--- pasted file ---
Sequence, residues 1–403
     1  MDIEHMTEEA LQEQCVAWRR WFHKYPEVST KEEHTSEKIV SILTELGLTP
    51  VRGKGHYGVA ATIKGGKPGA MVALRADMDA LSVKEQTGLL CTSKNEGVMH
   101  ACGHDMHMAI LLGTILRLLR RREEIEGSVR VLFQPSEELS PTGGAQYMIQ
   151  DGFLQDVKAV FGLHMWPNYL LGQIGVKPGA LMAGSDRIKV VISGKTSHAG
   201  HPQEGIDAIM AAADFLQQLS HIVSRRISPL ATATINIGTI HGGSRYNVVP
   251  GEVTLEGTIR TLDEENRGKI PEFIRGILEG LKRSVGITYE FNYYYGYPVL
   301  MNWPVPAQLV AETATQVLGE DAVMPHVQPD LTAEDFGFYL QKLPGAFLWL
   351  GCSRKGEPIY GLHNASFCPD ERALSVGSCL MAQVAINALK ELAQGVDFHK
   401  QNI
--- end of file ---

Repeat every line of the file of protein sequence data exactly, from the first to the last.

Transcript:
Sequence, residues 1–403
     1  MDIEHMTEEA LQEQCVAWRR WFHKYPEVST KEEHTSEKIV SILTELGLTP
    51  VRGKGHYGVA ATIKGGKPGA MVALRADMDA LSVKEQTGLL CTSKNEGVMH
   101  ACGHDMHMAI LLGTILRLLR RREEIEGSVR VLFQPSEELS PTGGAQYMIQ
   151  DGFLQDVKAV FGLHMWPNYL LGQIGVKPGA LMAGSDRIKV VISGKTSHAG
   201  HPQEGIDAIM AAADFLQQLS HIVSRRISPL ATATINIGTI HGGSRYNVVP
   251  GEVTLEGTIR TLDEENRGKI PEFIRGILEG LKRSVGITYE FNYYYGYPVL
   301  MNWPVPAQLV AETATQVLGE DAVMPHVQPD LTAEDFGFYL QKLPGAFLWL
   351  GCSRKGEPIY GLHNASFCPD ERALSVGSCL MAQVAINALK ELAQGVDFHK
   401  QNI